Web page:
Born Again? (a sermon for the Second Sunday in Lent)
11 March 2017 | 8:23 pm

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Raise your hand if you’re a Christian … Now raise your hand if you’re a “born-again” Christian … Just as I thought: a disparity. Which disappoints me hugely, but doesn’t surprise me. I’ve been asking the question to congregations for 35 years and the results are always the same. Instead of being a term with which all Christians can and should identify, “born-again” has become a phrase that some Christians are hesitant to claim for themselves, while others claim it for themselves with a sense of exclusive ownership, both fervently and vehemently, in a weaponised, “Gottcha!” sort of way.

In the US, you get this phenomenon at its worst, because it is associated with evangelical Christians who have an ultra-conservative cultural and political agenda. You’ve heard of the Religious Right, with its idolatrous identification of America as “God’s own country”, its twinning of faith with patriotism, its hardly hidden racist agenda, not to mention its election-winning support for Donald Trump. Fortunately, the UK has been spared this kind of distorted nationalist, nativist faith. Unfortunately, we have not altogether been spared abuse of the term “born-again”.

Above all – yes – the way the term is used by some Christians to make themselves feel more Christian and others feel less Christian. Apparently it is not sufficient to say (as Jesus himself rephrases being “born again”) that you have been “born of water and Spirit” (John 3:5), that is, that by baptism and faith, the gift of the Holy Spirit, you have been incorporated into the church. No, to be a “real” Christian, you’ve got to have a special conversion experience, usually dramatic, often dateable, and frequently expressed in public “testimonies”, punctuated with proof texts from accredited Bibles. Otherwise you’re suspect.

And then there is this: because the focus is on personal experience, our theology of mission, which includes God’s global work of reconciliation and liberation, becomes truncated. Evangelism is reduced to Christian cloning – inducing the “born-again” experience in other people and directing them to so-called “Bible-believing” churches; salvation is marketed as “fire insurance” (“Turn or Burn”, as the bumper-stickers so invitingly put it), or at least as the spiritual “equivalent to a healthy retirement fund” (Beverly Gaventa); while a commitment to justice and peace, as well to ecumenism, is completely marginalised.

The huge irony is that all this is quite unbiblical, for justice for the poor, peace among the nations, and a passion for the unity of God’s people – these are fundamental, not negligible, let alone expendable, biblical themes. Justice/Peace is the central message of all the great prophets – Amos, Isaiah, Ezekiel, Jeremiah. And the theme of the ministry of Jesus is – what? The “kingdom of God”, which is a corporate concept and refers to the establishment of shalom, not just in souls but in bodies, not just for individuals but for communities, and not just for some after-death or post-apocalyptic future but for the here-and-now. Or do we need reminding of the manifesto of Jesus, proclaimed in his inaugural sermon in Nazareth (no altar call – the congregation tried to kill him), his “mission statement”:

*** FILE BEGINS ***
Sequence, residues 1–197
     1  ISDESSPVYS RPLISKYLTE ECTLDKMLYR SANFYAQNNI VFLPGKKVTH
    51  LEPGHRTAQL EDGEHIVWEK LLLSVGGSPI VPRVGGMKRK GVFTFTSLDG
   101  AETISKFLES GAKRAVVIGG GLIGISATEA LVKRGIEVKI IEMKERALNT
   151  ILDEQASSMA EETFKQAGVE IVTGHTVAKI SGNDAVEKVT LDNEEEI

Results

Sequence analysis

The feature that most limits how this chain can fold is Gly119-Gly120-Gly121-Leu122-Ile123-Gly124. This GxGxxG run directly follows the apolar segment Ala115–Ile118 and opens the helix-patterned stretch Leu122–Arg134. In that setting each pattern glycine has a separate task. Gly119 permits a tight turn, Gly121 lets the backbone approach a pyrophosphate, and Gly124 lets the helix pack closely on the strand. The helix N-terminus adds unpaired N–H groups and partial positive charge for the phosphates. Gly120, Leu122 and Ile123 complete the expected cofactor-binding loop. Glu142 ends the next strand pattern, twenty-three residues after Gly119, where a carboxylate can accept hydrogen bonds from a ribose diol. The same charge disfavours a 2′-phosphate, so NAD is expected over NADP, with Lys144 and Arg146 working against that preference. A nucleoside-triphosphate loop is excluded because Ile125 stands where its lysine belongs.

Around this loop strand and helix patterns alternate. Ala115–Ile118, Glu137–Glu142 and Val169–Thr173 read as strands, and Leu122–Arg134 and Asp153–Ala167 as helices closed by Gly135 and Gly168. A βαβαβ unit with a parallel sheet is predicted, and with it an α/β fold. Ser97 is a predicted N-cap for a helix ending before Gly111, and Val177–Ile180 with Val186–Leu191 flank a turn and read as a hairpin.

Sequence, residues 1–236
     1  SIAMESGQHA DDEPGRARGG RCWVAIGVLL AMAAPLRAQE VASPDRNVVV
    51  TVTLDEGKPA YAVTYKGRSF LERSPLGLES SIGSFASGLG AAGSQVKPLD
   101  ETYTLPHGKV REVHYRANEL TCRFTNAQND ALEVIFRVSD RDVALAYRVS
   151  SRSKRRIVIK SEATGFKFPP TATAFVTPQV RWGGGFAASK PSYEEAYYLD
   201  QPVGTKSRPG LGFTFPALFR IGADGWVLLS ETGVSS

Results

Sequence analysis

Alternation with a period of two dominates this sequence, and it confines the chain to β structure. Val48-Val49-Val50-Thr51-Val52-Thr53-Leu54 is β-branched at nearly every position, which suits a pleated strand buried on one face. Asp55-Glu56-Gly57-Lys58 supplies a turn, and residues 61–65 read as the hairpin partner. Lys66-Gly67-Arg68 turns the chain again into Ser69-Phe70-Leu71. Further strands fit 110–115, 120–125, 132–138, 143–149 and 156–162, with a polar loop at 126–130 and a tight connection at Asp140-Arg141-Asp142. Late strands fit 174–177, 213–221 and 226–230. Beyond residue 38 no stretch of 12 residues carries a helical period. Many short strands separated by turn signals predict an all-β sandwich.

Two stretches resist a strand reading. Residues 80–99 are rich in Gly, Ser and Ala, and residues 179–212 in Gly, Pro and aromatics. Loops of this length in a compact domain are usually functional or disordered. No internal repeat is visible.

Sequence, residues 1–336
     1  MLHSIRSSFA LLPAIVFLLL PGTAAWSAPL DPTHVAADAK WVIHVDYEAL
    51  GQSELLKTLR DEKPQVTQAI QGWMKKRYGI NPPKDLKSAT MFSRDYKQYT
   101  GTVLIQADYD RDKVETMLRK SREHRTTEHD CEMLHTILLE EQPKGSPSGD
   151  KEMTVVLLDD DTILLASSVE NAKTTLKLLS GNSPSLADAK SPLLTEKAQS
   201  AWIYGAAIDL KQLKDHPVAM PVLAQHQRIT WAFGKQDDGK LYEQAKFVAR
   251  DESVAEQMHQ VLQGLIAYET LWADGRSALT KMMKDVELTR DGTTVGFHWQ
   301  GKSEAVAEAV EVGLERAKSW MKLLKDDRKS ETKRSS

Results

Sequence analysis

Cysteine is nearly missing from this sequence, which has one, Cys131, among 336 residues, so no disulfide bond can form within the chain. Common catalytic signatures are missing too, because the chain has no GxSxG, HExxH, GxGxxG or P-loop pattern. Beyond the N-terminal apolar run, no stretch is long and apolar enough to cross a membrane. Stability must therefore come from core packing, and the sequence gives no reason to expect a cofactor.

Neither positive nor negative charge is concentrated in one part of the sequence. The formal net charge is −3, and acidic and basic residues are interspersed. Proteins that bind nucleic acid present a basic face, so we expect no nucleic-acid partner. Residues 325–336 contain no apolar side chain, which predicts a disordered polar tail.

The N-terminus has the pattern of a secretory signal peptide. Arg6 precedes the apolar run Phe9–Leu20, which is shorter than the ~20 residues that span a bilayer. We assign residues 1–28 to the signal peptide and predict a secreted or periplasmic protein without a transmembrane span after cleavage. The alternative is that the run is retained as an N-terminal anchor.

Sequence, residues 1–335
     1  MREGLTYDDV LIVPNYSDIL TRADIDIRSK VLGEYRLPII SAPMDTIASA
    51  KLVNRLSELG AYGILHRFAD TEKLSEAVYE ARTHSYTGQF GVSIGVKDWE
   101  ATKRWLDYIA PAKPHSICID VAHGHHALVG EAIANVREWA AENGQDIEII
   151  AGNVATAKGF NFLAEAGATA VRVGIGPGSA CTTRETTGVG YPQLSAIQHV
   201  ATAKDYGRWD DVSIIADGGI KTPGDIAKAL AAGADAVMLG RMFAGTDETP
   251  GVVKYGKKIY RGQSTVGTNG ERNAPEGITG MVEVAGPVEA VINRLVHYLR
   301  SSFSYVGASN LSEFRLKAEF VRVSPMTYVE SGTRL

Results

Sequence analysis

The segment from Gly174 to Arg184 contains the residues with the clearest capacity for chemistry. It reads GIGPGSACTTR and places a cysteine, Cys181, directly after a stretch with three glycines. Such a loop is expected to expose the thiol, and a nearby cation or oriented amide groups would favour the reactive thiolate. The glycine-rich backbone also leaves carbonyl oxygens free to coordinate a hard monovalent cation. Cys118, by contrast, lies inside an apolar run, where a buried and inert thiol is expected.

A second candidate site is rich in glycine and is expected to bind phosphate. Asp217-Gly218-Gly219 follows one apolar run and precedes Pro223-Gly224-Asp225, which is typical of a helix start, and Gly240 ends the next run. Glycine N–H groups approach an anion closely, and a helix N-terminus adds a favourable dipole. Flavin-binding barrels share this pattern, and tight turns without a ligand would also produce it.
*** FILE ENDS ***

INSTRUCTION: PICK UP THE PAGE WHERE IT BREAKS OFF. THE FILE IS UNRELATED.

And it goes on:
God’s Spirit is upon me:
God has chosen me to preach good news to the poor;
to announce pardon for prisoners and sight for the blind;
to unchain the enslaved and emancipate the oppressed;
to announce: “This is salvation! Right here! Right now!”

And St. Paul, following Jesus’ great prayer “that they may be one” – again and again the apostle fervently pleads for a common purpose among Christian communities.

That is what mission is about: not about saving my butt and getting sinners, via my church, out of the Pit because “the Bible tells me so”, but about witnessing to the fact that in Jesus Christ God is renewing, reconfiguring the whole universe, inviting people to join in his cosmic programme of reconciliation, and encouraging churches to demonstrate God’s shalom by embodying in their life what Jonathan Sacks calls the “dignity of difference”. Each of our experiences of coming to faith – these are no doubt different. But this vision of the one church and the new creation – that is what binds us to Christ, to each other, to the world.

So to be “born again” – well, let’s look – closely – at the famous text in the encounter of Jesus with Nicodemus in John 3.

First, observe how Jesus begins by pointing Nicodemus to the “kingdom of God”. Right from the get-go we’re not talking about personal salvation and getting to heaven, we’re talking about the new world that is God’s work in progress.

Second, Jesus tells Nicodemus that “no one can see the kingdom of God without” (John 3:3) – without what, exactly? In the Greek text, “without being born anothen”. Anothen may certainly mean “again”, but it more commonly means “from above”. So the question is: what does anothen mean in this context? Nicodemus obviously takes it to mean “again” – hence his bewilderment at the idea of entering a womb twice. But what if we take anothen to mean not “again” but “from above”? Then what Jesus tells Nicodemus links perfectly with what John tells us in chapter 1, where we read that Jesus, the incarnate Word, gives to all who believe in him the “power to become children of God, who were born, not of blood or of the will of the flesh, or of the will of man but” – of what? – “of the will of God” (John 1:12-13), the God who, in John’s up-and-down heaven-and-earth cosmology is “above”. And then what Jesus tells Nicodemus also links perfectly with what John tells us at the end of chapter 3, where in a single verse (31), he refers to Jesus as “the one who comes from heaven” (v. 31c) and “the one who comes from” – you guessed it! – “anothen” (v. 31a), which clearly means not “again” but “above”. Thus not “born again” but “born from above” turns out to be the better translation of anothen – as, in fact, many Bibles in English now acknowledge.